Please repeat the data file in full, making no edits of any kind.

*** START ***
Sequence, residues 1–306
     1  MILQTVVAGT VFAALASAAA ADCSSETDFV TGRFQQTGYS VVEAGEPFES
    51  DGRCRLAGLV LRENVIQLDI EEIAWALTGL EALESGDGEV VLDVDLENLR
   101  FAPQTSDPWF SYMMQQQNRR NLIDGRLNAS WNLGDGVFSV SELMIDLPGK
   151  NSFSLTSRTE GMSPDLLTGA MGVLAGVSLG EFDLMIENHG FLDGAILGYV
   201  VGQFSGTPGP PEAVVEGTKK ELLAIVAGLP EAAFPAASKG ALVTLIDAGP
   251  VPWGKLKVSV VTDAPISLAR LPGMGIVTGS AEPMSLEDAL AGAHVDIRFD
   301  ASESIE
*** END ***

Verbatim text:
Sequence, residues 1–306
     1  MILQTVVAGT VFAALASAAA ADCSSETDFV TGRFQQTGYS VVEAGEPFES
    51  DGRCRLAGLV LRENVIQLDI EEIAWALTGL EALESGDGEV VLDVDLENLR
   101  FAPQTSDPWF SYMMQQQNRR NLIDGRLNAS WNLGDGVFSV SELMIDLPGK
   151  NSFSLTSRTE GMSPDLLTGA MGVLAGVSLG EFDLMIENHG FLDGAILGYV
   201  VGQFSGTPGP PEAVVEGTKK ELLAIVAGLP EAAFPAASKG ALVTLIDAGP
   251  VPWGKLKVSV VTDAPISLAR LPGMGIVTGS AEPMSLEDAL AGAHVDIRFD
   301  ASESIE